None of the studies included in the review examined whether glutamate measures before antipsychotic treatment predicted the degree of subsequent symptomatic response to antipsychotic administration. However, a separate article (35) presenting additional analysis of data presented in a previous article (34) found that frontal Glx at baseline was significantly lower in subsequent responders than non-responders.


The main finding of this review is that the majority of studies reported a numerical reduction in glutamate metabolites following antipsychotic treatment in schizophrenia, with half of the reviewed studies finding significant reductions in at least one brain region. In contrast, no significant increases in glutamate metabolites were reported. Schizophrenia is associated with a general increase in glutamate metabolites, which varies with region and with illness stage (2). This review provides some suggestion that antipsychotics may reduce glutamatergic elevations in schizophrenia but indicates that this effect may be relatively small or limited to subgroups of patients.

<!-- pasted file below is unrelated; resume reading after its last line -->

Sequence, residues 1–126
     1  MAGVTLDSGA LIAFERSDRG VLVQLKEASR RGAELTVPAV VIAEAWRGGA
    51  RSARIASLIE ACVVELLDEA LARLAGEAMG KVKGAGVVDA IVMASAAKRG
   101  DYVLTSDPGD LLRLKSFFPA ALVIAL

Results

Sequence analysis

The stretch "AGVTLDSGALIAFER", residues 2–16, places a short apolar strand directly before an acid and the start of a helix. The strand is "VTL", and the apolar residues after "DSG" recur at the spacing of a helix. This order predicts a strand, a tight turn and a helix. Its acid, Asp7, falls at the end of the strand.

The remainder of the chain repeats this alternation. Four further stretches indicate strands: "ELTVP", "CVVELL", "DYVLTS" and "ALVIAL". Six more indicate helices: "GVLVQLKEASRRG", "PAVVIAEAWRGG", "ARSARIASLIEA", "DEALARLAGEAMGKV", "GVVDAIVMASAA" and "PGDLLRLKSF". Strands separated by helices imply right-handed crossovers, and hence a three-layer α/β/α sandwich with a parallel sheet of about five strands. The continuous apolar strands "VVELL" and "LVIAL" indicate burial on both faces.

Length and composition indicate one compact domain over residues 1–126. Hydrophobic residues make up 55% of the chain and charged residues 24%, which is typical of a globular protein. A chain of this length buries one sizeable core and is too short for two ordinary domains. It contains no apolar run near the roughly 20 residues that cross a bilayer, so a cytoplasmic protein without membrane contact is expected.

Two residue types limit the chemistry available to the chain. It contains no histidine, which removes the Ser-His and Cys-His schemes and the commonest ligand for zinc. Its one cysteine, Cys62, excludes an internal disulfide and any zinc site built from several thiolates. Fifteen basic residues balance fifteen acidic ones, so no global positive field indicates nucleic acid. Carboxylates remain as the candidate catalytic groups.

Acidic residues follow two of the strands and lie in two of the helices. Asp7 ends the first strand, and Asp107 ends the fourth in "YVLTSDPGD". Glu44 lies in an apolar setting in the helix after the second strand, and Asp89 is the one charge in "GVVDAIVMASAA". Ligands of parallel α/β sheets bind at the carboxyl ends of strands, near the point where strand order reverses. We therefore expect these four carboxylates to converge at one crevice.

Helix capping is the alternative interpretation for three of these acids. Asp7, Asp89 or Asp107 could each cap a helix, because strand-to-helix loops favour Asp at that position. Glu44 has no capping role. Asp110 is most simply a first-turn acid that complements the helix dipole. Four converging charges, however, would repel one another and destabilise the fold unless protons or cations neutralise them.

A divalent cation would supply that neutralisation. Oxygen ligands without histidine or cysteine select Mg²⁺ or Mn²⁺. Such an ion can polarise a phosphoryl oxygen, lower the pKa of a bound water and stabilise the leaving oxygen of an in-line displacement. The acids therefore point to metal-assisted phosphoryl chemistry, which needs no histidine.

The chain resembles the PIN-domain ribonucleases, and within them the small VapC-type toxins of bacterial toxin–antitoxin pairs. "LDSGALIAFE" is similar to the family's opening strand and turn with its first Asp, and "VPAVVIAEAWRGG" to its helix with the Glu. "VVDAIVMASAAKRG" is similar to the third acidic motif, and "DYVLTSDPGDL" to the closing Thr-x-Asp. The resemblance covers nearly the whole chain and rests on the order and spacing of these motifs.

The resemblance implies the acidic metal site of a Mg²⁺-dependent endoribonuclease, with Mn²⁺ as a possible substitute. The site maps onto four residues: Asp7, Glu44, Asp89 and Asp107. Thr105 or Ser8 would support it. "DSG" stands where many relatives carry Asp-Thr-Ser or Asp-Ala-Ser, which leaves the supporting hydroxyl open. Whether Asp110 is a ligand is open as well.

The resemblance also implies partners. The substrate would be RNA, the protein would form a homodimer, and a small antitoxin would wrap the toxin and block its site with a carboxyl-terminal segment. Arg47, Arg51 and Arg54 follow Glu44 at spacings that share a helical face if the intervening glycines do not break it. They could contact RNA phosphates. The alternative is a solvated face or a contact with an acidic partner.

The mean change in Glx over antipsychotic treatment was estimated from the available data as a decrease in the range of 6.5% across regions, which would require a within-subjects’ sample size of 24 patients to achieve 80% power. Only three of the eight available studies had sample sizes of 24 or more patients (32, 34, 37) and the three studies with the smallest sample sizes (10, 38, 40) were the studies that did not find significant effects of antipsychotics on glutamatergic measures, suggesting that they may have been underpowered. Two of these smaller studies (38, 40) also differed in that they recruited patients with long antipsychotic medication histories, which may have also limited the ability to observe further glutamatergic reduction.